Did The Hornets Pick Frank Kaminsky Because They Weren’t Prepared For Draft Night?

07.29.15 4 years ago 8 Comments
Michael Jordan, Steve Clifford


We didn’t like the Charlotte Hornets’ draft selection of Frank Kaminsky. The sweet-shooting big man has a clear place in the league as a valuable third big man, and could even emerge as a starter with the ideal personnel surrounding him.

Kaminsky the player, basically, had little to do with our appraisal of Charlotte’s pick. What certainly did was the superior talent that remained on the board at No. 9, plus the humbling long-term prospects of Steve Clifford’s roster. Subsequent news that the Hornets turned down an offer of four first-round picks from the Boston Celtics in exchange for the choice they used to draft Kaminsky only made matters worse.

Charlotte bungled the 2015 draft. Even more troubling, though, is the reasoning behind that misstep.

Grantland’s Zach Lowe recently penned a piece on the Hornets’ awkward balancing act between playing for the present while building for the future. Among a host of interesting quotes, factoids, and nuggets, what most caught our eye was front office higher-up Curtis Polk’s justification for the team refusing trade packages on draft night and ultimately selecting Kaminsky with the ninth overall pick.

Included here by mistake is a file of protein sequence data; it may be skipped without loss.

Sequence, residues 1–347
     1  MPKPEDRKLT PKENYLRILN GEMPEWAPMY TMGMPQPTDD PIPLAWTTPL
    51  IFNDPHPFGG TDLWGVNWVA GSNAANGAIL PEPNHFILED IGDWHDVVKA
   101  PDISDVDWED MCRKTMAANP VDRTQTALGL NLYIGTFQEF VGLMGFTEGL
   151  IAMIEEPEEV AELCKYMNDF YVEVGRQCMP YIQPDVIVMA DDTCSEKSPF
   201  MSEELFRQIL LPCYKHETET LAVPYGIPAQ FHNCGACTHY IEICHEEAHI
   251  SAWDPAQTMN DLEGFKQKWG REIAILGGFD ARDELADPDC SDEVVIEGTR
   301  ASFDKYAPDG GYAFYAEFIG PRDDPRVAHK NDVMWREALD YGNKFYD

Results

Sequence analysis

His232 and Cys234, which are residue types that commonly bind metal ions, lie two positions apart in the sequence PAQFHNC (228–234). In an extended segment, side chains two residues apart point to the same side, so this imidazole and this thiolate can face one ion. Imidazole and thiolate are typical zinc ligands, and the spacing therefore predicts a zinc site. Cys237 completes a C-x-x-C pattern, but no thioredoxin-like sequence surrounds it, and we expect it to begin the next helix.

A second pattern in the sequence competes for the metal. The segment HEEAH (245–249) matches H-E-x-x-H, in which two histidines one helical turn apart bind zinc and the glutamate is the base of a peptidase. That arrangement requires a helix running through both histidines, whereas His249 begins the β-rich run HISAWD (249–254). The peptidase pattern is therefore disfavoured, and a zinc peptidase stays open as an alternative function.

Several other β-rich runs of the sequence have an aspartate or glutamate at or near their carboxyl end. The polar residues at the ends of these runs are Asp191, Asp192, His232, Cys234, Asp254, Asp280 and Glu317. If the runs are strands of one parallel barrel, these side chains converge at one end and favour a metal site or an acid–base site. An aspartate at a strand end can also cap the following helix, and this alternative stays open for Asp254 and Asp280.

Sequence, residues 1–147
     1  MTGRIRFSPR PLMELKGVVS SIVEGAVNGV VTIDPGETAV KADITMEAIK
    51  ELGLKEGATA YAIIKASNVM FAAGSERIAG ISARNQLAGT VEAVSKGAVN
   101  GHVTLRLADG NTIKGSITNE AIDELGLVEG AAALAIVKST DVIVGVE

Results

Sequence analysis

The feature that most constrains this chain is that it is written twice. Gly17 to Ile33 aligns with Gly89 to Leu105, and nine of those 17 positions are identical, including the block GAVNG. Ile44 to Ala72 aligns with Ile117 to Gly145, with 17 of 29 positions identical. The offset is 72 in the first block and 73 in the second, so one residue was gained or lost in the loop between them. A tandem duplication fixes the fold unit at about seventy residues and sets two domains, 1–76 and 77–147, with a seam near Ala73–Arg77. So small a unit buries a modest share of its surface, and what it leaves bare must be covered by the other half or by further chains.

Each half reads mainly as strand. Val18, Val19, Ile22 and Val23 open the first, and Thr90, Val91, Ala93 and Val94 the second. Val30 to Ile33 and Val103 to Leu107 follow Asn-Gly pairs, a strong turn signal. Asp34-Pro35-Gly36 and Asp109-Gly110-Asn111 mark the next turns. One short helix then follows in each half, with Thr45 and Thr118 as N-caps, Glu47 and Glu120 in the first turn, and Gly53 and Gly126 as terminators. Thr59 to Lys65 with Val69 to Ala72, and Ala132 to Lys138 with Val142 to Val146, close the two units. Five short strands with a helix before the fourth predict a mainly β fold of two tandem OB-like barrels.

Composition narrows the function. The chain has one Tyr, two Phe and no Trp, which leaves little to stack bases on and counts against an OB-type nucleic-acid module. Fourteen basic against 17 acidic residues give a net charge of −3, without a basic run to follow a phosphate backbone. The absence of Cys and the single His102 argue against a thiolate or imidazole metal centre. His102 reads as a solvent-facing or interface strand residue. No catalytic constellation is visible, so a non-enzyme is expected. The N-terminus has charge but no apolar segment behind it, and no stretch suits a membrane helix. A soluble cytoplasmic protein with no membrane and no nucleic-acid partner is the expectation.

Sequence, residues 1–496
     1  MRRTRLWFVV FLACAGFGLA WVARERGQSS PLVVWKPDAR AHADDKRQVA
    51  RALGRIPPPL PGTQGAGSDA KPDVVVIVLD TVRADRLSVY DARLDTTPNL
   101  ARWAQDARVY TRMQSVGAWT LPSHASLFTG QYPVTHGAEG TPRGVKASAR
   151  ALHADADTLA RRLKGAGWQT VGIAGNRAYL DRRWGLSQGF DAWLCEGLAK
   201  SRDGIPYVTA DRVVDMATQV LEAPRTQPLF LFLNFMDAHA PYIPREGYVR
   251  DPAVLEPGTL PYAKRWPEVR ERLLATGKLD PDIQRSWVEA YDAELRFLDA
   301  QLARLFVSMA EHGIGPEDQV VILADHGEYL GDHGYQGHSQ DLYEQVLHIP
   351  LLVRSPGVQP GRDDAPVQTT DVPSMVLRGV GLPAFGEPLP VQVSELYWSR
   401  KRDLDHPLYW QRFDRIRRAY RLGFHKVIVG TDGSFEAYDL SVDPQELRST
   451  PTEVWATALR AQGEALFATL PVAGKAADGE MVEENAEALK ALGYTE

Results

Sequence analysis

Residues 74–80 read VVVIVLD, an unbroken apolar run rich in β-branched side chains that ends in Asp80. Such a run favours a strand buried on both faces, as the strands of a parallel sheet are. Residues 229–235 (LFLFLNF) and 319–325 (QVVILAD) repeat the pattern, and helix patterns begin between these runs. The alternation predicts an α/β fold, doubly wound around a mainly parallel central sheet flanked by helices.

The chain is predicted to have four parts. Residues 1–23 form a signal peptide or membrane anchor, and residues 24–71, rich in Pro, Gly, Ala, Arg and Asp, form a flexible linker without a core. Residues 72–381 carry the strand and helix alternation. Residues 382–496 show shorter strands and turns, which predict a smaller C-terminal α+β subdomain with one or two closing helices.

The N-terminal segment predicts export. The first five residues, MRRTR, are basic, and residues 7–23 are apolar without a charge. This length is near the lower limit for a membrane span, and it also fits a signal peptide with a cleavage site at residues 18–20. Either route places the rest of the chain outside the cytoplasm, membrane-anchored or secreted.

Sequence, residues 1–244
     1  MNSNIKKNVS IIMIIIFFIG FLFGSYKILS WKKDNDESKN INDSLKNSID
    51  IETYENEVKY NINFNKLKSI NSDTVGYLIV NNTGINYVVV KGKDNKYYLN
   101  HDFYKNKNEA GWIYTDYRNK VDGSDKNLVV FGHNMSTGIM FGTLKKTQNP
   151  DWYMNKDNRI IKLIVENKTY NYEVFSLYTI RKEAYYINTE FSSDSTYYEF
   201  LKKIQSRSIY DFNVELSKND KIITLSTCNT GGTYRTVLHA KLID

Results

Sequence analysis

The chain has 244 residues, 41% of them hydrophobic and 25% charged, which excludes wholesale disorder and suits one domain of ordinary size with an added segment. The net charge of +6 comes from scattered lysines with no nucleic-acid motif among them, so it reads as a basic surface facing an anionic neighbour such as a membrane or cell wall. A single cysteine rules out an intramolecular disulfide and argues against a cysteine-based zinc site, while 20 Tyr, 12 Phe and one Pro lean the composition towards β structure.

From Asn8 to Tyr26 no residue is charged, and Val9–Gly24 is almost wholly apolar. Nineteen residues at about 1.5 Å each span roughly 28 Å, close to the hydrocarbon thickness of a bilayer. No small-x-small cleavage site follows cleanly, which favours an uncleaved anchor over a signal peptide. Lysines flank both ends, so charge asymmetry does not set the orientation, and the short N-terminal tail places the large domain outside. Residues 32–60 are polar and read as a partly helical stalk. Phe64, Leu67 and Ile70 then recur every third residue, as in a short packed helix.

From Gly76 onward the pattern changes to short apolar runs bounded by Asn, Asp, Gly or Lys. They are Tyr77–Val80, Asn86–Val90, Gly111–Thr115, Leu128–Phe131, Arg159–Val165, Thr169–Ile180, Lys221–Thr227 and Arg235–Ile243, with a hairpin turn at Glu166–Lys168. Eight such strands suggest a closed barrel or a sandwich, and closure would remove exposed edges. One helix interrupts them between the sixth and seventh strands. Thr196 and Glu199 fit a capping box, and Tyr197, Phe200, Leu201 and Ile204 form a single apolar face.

“You have two minutes to decide: ‘Do I want to do this trade?’” says Polk, one of five men atop Charlotte’s decision tree. “You don’t have a day. You don’t have hours. After all the intelligence we’d done, we were comfortable with Frank. But now you have two minutes to decide if you make this trade, who you’re gonna take at no. 16, or maybe no. 20, and we haven’t been focusing on that range. In fantasy basketball, it sounds great: ‘Oh my god, they could have gotten all those picks.’ But in the real world, I’m not sure it makes us better.”

Polk’s take makes sense on the surface. Charlotte was awarded the No. 9 pick back on lottery night and used its scouting resources to focus on players who were likely to be available with that choice in the interim. Kaminsky was always going to be a member of that group, as were Myles Turner, Devin Booker, and more.

The problem, though, is that the Hornets honed in only on those mid-to-late lottery prospects, electing against preparing for contingency plans. Draft night is a circus. And though this year’s was ultimately less action-packed than anticipated, it still contained a number of trades, rises, falls, and other surprises.

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